According to him, Russia had three purposes: “The first was the raise of the collaboration level with the Western States. Last year they did not take into account Russia, now they talk with it. First it took place in Crimea and then in Syria. Moscow made it clear in this way that it has interests which should be taken into account, otherwise, it can take drastic measures,” Iskandaryan said.
The next purpose was the developments around Ukraine that were pushed back because of these Middle East operations and Russia came out of this situation to some extent.
“The next purpose was Syria and the situation over Assad. Now Assad became an inter-Syrian regulatory part and Assad’s removal is less discussed. Finally, Russia did not withdraw from Syria as there are Hmeymim, Latakia and Tartus bases. They are quite strongly attached. So, in case of necessity, Russia can enlarge and dislocate the forces in a few days,” Iskandaryan said.
Aghasi Yenokyan, Director of the Armenian Center for Political and International Studies, thinks that Russia did not manage to achieve its goals: “It’s clear that it had an objective to become a Middle East player which it would later try to exchange with the activities against Russia in Ukraine but it failed. Russia was told that it referred to global players only. Russia was also told that discussions on Ukraine and Syria will be made separately. What concerns the second purpose, Russia did not solve any important strategic problem for Assad. That is, there is some tactical progress but, however, Assad’s state is not irreversible. It’s clear that in this situation Assad will hardly stay in power. So, Russia failed to become a global player,” Yenokyan concluded, saying however that the decision of withdrawing Russian forces is not clear for him. “To tell the truth, I don’t know why Russia withdrew. There are likely to be some underwater issues we are unaware of but they will be explored soon.”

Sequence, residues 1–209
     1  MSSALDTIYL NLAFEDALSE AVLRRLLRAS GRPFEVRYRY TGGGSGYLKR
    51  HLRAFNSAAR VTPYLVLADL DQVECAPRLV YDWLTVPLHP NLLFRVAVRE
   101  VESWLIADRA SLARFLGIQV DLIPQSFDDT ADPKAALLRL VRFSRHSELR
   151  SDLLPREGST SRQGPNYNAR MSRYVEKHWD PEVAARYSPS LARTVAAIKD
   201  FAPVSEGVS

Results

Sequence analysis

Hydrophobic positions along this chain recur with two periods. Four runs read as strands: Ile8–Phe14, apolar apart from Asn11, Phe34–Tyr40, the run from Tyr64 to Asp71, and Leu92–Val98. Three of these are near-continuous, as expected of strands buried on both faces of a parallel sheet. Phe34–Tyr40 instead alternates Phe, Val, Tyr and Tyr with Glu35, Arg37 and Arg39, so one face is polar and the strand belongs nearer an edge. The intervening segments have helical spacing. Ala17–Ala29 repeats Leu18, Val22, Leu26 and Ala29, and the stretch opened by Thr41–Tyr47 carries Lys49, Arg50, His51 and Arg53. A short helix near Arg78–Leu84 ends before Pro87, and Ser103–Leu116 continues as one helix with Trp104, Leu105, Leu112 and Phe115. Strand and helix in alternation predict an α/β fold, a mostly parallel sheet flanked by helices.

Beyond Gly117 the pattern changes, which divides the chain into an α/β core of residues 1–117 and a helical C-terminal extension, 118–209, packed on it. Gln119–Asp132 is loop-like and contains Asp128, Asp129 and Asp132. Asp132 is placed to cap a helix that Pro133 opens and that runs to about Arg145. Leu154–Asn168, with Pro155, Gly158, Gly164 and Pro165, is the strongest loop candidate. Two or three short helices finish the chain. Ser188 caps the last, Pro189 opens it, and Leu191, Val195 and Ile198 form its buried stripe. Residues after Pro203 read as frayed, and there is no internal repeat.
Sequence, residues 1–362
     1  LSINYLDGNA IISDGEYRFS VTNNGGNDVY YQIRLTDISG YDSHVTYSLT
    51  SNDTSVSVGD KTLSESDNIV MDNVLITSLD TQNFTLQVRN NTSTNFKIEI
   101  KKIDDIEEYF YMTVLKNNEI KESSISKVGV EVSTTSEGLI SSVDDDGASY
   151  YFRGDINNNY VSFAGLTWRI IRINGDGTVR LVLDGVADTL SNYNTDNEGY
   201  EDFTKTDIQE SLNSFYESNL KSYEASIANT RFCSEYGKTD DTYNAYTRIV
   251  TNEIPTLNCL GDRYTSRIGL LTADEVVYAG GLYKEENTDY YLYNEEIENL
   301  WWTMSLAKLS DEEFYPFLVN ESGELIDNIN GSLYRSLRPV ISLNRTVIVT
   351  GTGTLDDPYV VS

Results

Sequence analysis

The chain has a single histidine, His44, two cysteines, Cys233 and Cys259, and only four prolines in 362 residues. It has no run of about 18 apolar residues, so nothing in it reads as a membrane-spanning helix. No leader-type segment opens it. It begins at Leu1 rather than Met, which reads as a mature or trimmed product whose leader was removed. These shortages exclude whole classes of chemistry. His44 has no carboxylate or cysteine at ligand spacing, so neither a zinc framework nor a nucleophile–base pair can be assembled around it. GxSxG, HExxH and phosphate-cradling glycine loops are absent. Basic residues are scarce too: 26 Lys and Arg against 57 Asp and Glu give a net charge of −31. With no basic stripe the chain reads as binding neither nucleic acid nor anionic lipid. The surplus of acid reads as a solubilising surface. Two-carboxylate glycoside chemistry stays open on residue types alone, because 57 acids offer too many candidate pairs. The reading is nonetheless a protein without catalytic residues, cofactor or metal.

Stepan Grigoryan, Chairman of the Board of Analytical Center on Globalization and Regional Cooperation, stated that Russia returned the role of a global player and that it did not fulfill all the objectives it had when entering Syria.
“Russia almost openly stated that it is ready to make concessions about Syria and it is clear what they meant – the sanctions related to Ukraine. As both the USA and EU again readopted the sanctions and prolonged them, it’s clear that this factor also had a big role. Besides, though the Russian military campaign strengthened Assad, it did not manage to make him the only legitimate power in Syria. Now Moscow accepts other parties of the conflict: the moderate opposition, the Kurdish factor and so on,” Grigoryan said.
The speaker also mentioned the problem of resources. Disagreeing with Iskandaryan’s opinion that this was one of the cheapest wars, Stepan Grigoryan noted: “Though not much money was spent on the Syrian War, it’s hard for Moscow to be at war in Syria, to have a conflict with Ukraine, “to digest Crimea” and to face sanctions at the same time.”
Arman Navasardyan, former Deputy Minister of Foreign Affairs of the Republic of Armenia, Ambassador Extraordinary and Plenipotentiary, highlighted that this was a good opportunity for Russia to practice its own arsenal.
“This was also a platform for demonstration and practice of military force and Russia showed his modern weapons. And initially it was said that Russian forces would not stay there forever. The situation in Syria glowed; the superpowers reached the red line and understood that the problems need to be solved. For Moscow it is the part of the process to make a multipolar world and not an objective to assist Assad,” Navasardyan said.
According to the diplomat, there are also internal problems in Russia, particularly the Sunni Muslim Community (20 mln.) in Russia that could act. He said that the withdrawal of Russia is also important for the relations with Turkey.
“The Russian-Turkish rhetoric has slightly softened lately,” he noticed.
Arevik Sahakyan, Events Coordinator at “Media Center”
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